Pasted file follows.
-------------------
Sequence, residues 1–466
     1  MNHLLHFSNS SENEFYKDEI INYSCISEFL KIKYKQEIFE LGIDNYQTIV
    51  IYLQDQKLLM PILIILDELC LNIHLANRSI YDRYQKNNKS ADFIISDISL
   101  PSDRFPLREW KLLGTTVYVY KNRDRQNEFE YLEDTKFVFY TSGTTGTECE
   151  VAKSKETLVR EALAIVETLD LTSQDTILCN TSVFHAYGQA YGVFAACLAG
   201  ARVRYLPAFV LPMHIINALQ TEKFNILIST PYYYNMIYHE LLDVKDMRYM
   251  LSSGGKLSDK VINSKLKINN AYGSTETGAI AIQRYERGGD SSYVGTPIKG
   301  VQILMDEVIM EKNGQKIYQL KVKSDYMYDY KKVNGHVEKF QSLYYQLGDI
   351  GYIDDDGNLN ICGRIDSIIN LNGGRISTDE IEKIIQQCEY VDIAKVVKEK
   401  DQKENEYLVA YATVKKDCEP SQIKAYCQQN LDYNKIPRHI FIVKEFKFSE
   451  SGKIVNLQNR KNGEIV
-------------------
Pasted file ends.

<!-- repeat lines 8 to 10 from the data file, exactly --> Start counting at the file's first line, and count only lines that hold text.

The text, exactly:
   301  VQILMDEVIM EKNGQKIYQL KVKSDYMYDY KKVNGHVEKF QSLYYQLGDI
   351  GYIDDDGNLN ICGRIDSIIN LNGGRISTDE IEKIIQQCEY VDIAKVVKEK
   401  DQKENEYLVA YATVKKDCEP SQIKAYCQQN LDYNKIPRHI FIVKEFKFSE